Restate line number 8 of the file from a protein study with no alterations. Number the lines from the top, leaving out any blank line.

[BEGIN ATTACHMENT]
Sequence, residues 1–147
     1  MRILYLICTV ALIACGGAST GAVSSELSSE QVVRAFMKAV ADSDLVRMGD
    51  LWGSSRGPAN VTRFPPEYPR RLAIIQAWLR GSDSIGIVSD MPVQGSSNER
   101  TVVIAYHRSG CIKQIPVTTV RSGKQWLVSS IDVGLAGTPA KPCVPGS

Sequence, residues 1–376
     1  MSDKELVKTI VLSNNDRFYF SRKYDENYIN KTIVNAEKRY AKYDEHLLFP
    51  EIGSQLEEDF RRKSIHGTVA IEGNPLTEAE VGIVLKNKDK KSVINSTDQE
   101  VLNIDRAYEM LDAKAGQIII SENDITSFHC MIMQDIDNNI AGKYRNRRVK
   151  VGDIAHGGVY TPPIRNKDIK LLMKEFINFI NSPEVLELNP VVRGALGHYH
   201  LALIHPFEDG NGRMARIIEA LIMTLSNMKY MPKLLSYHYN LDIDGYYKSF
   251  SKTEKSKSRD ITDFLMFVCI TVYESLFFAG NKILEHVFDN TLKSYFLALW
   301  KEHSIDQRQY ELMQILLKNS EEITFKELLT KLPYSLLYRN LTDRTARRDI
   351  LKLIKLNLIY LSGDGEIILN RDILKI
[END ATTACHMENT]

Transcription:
   101  VLNIDRAYEM LDAKAGQIII SENDITSFHC MIMQDIDNNI AGKYRNRRVK